Rob Enderle, head of The Enderle Group, compares Microsoft's Steve Ballmer to Apple's Steve Jobs"Unhealthy" because anyone who's ready to switch to the Mac and reads Rob Enderle's "A Tale of Two Steves" is most likely going to end up very confused, not to mention negatively influenced. Rob Enderle runs The Enderle Group. In Mr Enderle's opinion, "Jobs is like a master craftsman" while "Ballmer is a master salesman." Sure enough, if he'd have left it at that, everything would have been dandy. But he didn't...
"Jobs is like a master craftsman," Rob notes. "The first things he did when he took over at Apple were get rid of the bozos (underperformers), massively simplify the company and its products, and force tightly integrated products that approach - and sometimes surpass - amazing. To Jobs, the customers are end users who don't really know what they want (he correctly doesn't use research - specifically focus groups - to create great products); IT is made up of bozos who should be ignored; and excellence is defined as well-integrated products and services that catch your breath every time you use them."
The ever-arrogant-Steve emphasis is undoubtedly accurate, as well as a few other aspects of Jobs' personality. But then Enderle goes and says something like "Ballmer is a master salesman," adding that "where Jobs gets stuck is that he doesn't get that in the PC segment, for about 70 percent of the market, IT gets the 'No' vote, and they are understaffed and overworked, not 'bozos.'"
So, does this mean that Steve is like... a bit of a retard every now and then? Is that what Rob Enderle is trying to say? The MacDailyNews' first spotted Rob's piece. Naturally, they had a few things to point out as well. But let's get back to Rob Enderle's story of two Steves.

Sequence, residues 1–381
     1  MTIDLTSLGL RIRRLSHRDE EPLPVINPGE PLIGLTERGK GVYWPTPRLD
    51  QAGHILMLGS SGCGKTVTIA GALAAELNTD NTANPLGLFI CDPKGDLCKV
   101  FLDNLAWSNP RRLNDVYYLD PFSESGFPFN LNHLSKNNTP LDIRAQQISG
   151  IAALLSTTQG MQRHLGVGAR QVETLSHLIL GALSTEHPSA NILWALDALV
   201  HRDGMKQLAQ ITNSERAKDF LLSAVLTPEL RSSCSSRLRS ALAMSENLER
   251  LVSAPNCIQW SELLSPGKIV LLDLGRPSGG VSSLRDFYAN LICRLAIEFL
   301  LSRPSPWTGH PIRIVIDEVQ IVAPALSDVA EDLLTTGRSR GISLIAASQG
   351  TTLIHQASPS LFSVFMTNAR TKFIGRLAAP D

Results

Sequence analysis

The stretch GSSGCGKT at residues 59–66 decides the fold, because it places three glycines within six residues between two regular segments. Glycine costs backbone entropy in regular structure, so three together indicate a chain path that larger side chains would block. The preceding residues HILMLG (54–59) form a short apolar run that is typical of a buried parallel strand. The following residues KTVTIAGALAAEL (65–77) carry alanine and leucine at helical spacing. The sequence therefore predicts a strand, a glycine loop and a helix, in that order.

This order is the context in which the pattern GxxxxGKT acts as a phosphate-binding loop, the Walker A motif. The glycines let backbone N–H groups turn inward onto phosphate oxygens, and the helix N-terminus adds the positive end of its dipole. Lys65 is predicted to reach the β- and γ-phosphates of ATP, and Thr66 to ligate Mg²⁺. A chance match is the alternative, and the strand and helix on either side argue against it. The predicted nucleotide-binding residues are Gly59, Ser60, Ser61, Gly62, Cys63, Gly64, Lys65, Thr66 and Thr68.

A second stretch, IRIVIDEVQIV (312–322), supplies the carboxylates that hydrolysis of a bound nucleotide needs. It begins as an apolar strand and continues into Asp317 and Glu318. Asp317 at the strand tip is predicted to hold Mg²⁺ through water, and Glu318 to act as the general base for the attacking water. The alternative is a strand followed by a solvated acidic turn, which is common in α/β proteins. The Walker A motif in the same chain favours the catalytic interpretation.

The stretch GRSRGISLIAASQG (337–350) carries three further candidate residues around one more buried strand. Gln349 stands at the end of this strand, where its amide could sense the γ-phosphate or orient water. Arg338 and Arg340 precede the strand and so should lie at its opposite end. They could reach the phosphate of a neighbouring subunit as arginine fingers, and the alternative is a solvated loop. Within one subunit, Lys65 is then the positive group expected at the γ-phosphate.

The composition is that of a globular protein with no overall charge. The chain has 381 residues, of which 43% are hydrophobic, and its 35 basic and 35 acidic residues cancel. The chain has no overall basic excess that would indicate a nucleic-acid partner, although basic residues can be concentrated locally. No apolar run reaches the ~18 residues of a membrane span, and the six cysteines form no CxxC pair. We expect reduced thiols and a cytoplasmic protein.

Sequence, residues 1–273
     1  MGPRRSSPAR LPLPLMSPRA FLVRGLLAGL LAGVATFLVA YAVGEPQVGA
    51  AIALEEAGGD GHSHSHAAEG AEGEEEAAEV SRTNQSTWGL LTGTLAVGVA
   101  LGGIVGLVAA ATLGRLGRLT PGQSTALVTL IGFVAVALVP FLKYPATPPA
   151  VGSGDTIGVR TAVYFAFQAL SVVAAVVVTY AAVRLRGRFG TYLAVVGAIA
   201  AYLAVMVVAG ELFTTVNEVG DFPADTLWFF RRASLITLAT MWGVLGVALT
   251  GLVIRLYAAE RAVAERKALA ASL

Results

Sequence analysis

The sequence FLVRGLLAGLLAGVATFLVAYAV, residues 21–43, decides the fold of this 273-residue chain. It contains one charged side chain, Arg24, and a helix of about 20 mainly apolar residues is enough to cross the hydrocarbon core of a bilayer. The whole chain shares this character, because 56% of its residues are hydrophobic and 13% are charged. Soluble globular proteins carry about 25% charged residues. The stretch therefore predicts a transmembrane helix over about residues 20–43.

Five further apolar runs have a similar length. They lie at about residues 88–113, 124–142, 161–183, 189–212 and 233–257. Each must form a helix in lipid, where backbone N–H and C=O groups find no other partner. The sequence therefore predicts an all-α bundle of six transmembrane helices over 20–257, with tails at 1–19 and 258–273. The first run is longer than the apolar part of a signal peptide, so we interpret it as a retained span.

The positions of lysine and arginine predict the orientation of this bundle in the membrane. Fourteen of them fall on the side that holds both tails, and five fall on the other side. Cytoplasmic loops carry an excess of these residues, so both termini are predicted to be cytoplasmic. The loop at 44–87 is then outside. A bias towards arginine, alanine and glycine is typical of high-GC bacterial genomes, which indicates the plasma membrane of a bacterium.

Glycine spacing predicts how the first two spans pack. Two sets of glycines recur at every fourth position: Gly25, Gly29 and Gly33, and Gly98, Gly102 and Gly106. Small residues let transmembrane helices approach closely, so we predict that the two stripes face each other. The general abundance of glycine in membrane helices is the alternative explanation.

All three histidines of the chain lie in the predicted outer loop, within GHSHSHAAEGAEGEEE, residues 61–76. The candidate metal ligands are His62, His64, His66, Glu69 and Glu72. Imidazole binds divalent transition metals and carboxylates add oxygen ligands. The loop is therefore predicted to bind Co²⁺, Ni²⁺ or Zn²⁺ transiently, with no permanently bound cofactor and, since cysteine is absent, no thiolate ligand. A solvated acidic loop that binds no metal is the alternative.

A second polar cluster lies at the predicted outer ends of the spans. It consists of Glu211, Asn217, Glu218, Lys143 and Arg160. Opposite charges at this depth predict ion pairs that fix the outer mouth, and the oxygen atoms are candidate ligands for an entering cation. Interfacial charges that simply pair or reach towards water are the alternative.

"For Jobs to 'make a dent in the universe,' he needs to scale up massively and probably partner more aggressively so he can offer a more complete solution," Rob Enderle goes on.
This segment right here doesn't even begin to touch reality. Jobs is making huge dents in the industry as we speak, and every Mac user and reader of this piece will surely condone. No need to explain by which means, as I'm sure you'll let your personal experience with Apple's products sound off in the comments.
Rob says the two Steves have "a lot in common." No, they don't. They're just both called Steve, one couldn't sell his TV set for 20 bucks, while the other could potentially come up with a device to enable you and me to share photos with the aliens over the Einstein-Rosen Network. In fact, Rob himself states in the introduction that "they're both named Steve and they both are in charge of a couple of the largest technology companies in the world," which pretty much sums the whole thing up. Now, if you want to go into the details, two separate articles are probably in order. What say you dear reader?